Mount Washington State Park is home to a network in intertwined and interconnecting trails, but there are five primary trails used to day hike Mount Washington:
- Tuckerman Ravine Trail
- Lion’s Head Trail
- Boott Spur Trail
- Jewell Trail
- Ammonoosuc Trail
Each trail offers a slightly different hiking experience, both in terms of scenery and degree of difficulty. For an up-and-back hike, several options for combining multiple trails into a single day hike are also described below.
Tuckerman Ravine Trail and Lion’s Head Trail
The two shortest popular routes up Mount Washington are Tuckerman Ravine Trail and Lion’s Head Trail. Both depart from Pinkham Notch, clock in at 4.2 miles one-way, and rise about 4,300 vertical feet. Lion’s Head Trail is steeper and more rugged than Tuckerman Ravine Trail so it tends to get less traffic, but it also offers better views during the slog up the mountain. Some day hikers make a loop by ascending on Lion’s Head (it is much easier to hike up a tough trail than down it) and descending via Tuckerman Ravine. Make no mistake, though: both trails are extremely strenuous, especially the climb up the headwall of the ravine and then the final push up to the summit cone.
Boott Spur Trail
The 5.4 mile Boott Spur Trail also approaches Mount Washington from the east but from the other side of the ravine. Although it is a little longer than Tuckerman Ravine and involves a few hundred feet greater gain in elevation to get to the spur itself, the trail itself is no more difficult, and the extra mileage is rewarded with a quicker route to break through treeline, resulting in better views throughout the hike, and much more solitude on the trail. A day hike loop can be made with Boott Spur Trail and either Tuckerman Ravine or Lion’s Head.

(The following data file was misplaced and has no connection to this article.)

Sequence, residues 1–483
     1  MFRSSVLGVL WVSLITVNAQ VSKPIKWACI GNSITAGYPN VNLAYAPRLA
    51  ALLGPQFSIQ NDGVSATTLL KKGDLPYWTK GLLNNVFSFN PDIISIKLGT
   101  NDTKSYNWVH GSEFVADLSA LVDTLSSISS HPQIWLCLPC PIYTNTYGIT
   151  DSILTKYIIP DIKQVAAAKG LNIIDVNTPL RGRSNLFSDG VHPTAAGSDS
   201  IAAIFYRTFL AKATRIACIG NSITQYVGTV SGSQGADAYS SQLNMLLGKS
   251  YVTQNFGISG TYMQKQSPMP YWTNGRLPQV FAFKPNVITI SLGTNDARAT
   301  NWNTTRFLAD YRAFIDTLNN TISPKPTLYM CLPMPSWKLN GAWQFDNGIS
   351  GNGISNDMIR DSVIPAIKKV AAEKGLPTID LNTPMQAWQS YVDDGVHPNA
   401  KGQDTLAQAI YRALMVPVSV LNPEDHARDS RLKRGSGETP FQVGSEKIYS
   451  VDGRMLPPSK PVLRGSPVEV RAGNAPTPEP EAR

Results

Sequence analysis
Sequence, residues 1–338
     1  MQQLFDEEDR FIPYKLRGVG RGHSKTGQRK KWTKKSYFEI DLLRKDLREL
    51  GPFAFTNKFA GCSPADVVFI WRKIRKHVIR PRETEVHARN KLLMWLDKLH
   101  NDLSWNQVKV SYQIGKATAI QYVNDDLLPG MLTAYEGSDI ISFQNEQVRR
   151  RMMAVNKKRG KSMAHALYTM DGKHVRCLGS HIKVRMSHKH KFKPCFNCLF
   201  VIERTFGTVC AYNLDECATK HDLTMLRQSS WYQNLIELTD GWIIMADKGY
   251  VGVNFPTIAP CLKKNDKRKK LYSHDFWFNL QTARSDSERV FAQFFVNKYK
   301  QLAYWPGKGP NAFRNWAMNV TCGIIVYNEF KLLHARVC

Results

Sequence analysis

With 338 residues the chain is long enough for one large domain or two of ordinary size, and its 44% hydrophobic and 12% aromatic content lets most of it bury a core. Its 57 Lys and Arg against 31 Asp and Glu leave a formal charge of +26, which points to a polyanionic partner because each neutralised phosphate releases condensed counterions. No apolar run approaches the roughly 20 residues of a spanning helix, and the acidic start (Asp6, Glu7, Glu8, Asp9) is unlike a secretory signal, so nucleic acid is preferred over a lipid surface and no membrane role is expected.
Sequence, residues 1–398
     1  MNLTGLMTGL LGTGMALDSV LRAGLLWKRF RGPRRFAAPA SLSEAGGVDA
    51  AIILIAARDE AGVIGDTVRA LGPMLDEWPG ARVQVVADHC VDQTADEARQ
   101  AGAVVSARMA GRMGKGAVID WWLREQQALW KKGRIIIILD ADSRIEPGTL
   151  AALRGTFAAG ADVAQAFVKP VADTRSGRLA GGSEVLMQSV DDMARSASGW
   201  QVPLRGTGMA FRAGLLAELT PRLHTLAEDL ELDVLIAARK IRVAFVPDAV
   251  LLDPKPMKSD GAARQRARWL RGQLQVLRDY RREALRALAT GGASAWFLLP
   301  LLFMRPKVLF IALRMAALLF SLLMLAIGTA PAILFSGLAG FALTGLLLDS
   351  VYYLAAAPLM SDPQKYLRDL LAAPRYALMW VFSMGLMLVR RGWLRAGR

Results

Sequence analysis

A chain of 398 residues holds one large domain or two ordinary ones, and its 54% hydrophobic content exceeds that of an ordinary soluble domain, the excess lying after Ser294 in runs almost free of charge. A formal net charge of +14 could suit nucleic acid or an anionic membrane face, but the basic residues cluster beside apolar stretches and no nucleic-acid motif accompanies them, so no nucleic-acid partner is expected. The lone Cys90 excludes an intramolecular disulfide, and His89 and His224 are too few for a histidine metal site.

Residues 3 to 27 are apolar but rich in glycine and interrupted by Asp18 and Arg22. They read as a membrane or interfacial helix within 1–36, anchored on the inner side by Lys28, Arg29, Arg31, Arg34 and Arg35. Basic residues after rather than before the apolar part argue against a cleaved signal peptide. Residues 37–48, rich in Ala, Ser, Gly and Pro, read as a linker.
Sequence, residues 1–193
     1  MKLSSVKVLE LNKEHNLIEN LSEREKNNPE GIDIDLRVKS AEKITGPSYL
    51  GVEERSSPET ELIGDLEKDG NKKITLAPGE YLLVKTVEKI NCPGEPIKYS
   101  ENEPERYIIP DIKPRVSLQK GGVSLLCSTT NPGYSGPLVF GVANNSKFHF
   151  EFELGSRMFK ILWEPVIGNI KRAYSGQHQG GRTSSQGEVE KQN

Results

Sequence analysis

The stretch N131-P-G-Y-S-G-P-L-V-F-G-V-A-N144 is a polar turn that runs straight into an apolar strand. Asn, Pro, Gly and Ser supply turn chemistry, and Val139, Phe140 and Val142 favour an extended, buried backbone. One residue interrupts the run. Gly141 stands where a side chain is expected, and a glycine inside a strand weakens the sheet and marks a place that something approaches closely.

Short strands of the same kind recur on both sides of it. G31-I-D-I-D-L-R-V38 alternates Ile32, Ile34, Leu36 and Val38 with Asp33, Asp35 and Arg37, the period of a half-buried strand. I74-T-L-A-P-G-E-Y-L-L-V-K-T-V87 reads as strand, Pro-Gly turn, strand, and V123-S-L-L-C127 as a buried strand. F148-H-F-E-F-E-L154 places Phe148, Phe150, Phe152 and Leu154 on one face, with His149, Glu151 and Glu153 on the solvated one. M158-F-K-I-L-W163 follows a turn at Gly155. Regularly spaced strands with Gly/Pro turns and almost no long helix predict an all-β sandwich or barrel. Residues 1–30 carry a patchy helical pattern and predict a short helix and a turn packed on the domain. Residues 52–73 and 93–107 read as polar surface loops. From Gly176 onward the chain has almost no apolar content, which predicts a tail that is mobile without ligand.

The easiest approach up Mount Washington is via the Jewell Trail. It begins in the parking lot of the Cog Railway station on Base Road. About 5.2 miles one-way, the trail gains “only” 4,000 feet of elevation and is generally more moderate than the other trails to the summit. Of course, moderate is a relative term; it is still an unrelenting, muscle-aching upward hike, involving giant steps up granite boulders for much of the route above tree line. But the views are amazing and continuous throughout the upper stretch, and watching the cog railroad train chugging up and down the mountain only adds to the memories of the hike.
Ammonoosuc Ravine Trail
The Ammonoosuc Ravine Trail also departs from the Cog Railway parking lot, so a good loop hike ascends via the Ammonoosuc and returns on the Jewell. The Ammonoosuc is a little shorter than the Jewell Trail (4.5 miles one way) but considerably steeper and more rugged for a long section. For those wishing to visit the Lake of the Clouds AMC hut as part of your Mount Washington day hike, the Ammonoosuc Trail is the way to go.
Other trails that alone or in combination can be part of a Mount Washington day hike include the Great Gulf Trail, Huntington Ravine Trail, and the Nelson Crag Trail.
Further reading on Mount Washington day hikes
Looking for more information about day hiking Mount Washington? Here are some pages to check out.
- Clothing and Equipment for a Mount Washington Day Hike
- Getting in Shape to Hike Mount Washington
- Preparing Mentally to Hike Mount Washington
- Safety Precautions Before Your Mount Washington Day Hike
- Frequently Asked Questions about Hiking Mount Washington
Learn about our annual Mount Washington HIKE for Mental Health
Interested in joining a great hike, for a great cause? Learn about HIKE for Mental Health's annual Summit Mount Washington day hike.
- Hike Mount Washington with HIKE for Mental Health
- Summit Mount Washington Smashes Goal
- Amazing photos and trail notes from our 2017 hike
- Painting the mountain orange: 2016 Summit Mount Washington photos
- Stunning views of 4th Annual Summit Mount Washington
- Spirits and Funds Reach New Heights on 3rd Annual Summit Mount Washington